Last Sunday, the Detroit News published an editorial that claimed a 60 mpg standard by 2025 was “unrealistic”. However not only is achieving a 60 mpg standard clearly achievable, but it is also in the best interests of U.S. automakers and auto workers. The real question the Detroit Three and other automakers should be asking themselves is “can we afford to not meet a 60 mpg standard?”
There are three primary fallacies of the editorial I’d like to address.
Fallacy #1: The editorial claims that achieving a 60 mpg standard by 2025 is based “neither in scientific fact nor reality.”
Our 60 mpg target is based on work by researchers at Massachusetts Institute for Technology, University of Michigan, and the National Academy of Sciences (see our fact sheet for more details). Furthermore, the most up-to-date analysis from the National Highway Safety Transportation Administration, the U.S. Environmental Protection Agency, and the California Air Resources Board estimates that a 62 mpg level can be met at an additional vehicle cost of $2800 to $3500. This range is consistent with our estimate of $2700.
Fallacy #2: According to the editorial, a 60 mpg standard “…will impose untold billions in costs on the automakers, including the two already bailed out by taxpayers.”
If history is any indication, the exact opposite is true: without higher fuel economy standards, the US taxpayers will likely be asked once again to bail out one of the Detroit Three when the next oil orice shock hits.
The editorial conveniently ignores the fact that GM and Chrysler went bankrupt due to too little--no too much--attention to fuel economy. Over the last two decades, the Detroit Three squandered their chances to lead the world by pouring their resources and energy into fighting pollution and fuel economy standards, and building Hummers instead of hybrids.
As result, just like after the oil shocks of the 1970’s and 1980’s, Detroit lost market share to their more fuel efficient rivals from Japan and in this latest round, also the Koreans. U.S. based automakers sales share is at an all time low. The Detroit Three – Ford, GM and Chrysler – control just 45% of United States market share.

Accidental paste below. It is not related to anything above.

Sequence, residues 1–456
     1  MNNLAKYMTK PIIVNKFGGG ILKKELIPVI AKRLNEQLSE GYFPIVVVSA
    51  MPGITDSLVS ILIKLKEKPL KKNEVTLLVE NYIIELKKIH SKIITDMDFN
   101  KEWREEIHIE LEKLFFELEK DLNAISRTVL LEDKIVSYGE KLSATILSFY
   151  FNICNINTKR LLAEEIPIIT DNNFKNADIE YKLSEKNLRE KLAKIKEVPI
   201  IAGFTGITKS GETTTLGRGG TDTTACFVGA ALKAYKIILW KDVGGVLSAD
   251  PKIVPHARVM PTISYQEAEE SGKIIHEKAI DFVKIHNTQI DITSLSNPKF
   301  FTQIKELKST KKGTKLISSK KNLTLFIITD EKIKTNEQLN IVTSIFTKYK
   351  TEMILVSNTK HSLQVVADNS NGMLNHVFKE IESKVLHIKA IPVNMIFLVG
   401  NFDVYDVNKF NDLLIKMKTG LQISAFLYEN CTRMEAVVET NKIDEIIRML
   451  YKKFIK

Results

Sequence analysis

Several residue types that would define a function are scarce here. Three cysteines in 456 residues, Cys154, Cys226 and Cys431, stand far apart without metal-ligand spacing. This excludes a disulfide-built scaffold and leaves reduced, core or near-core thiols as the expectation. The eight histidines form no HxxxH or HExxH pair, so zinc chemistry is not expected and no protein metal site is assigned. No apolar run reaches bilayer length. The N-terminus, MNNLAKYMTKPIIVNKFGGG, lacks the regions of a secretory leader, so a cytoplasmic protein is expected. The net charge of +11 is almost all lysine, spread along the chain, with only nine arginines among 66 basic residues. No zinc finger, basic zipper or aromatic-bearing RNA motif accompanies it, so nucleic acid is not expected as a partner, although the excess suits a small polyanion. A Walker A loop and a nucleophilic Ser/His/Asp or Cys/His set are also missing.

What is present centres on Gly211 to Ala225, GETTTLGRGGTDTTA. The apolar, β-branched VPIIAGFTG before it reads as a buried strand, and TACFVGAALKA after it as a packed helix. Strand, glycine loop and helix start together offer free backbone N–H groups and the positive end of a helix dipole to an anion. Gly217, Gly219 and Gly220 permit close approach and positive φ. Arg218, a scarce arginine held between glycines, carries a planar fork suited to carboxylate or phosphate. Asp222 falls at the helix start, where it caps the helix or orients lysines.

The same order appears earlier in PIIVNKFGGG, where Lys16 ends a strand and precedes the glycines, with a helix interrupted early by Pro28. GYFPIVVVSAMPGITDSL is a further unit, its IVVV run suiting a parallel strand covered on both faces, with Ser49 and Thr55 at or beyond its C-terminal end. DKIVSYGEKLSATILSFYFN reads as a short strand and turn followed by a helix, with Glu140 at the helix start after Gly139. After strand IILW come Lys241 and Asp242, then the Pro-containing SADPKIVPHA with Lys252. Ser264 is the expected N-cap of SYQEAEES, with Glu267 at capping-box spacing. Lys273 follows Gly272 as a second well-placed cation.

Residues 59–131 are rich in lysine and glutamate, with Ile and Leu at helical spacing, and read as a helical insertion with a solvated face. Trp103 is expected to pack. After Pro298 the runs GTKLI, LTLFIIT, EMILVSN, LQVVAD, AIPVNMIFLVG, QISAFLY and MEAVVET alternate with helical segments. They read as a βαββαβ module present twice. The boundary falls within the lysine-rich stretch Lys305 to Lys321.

Fallacy #3: The editorial says that “consumers haven’t reacted to the higher standards by buying smaller vehicles or hybrids. In fact, in September, light trucks, which includes crossover, SUVs, minivans and pickups, accounted for more than 50 percent of the market.”
This statement is misleading and dangerously short-sighted.
Fuel efficiency is the future of the automobile industry. The average new vehicle model is more fuel efficient than the previous version, the market for truck-based full size SUVs has been cut in half from its heyday, and crossovers are essentially tall station wagons that are more fuel efficient than the truck-based SUVs they replace. Toyota and other automakers have announced expansion of their hybrid vehicle model offerings.
The Path Forward to Restoring the U.S. Auto Industry to Global Leadership
There is little disagreement that the future of the automobile lies with innovation and advanced technologies. Electric drivetrains, high strength lightweight materials, and new business models are critical to any company that wants to compete in the global market of the 21st century.
A 60 mpg standard is what’s necessary for the US auto industry to compete against its Japanese, German, and Chinese rivals. The European Union is considering setting its next round of passenger vehicle carbon dioxide pollution standards to achieve an equivalent fleetwide average of about 60 mpg by 2020. China is considering setting its own version of CAFE standards to achieve an equivalent fleetwide average of 50 mpg by 2020.
The Detroit Three cannot afford to oppose the very policy that will keep them competitive in the worldwide market. They must support innovation and an ambitious goal, if our greatest manufacturing industry – auto making - is to thrive, not just survive.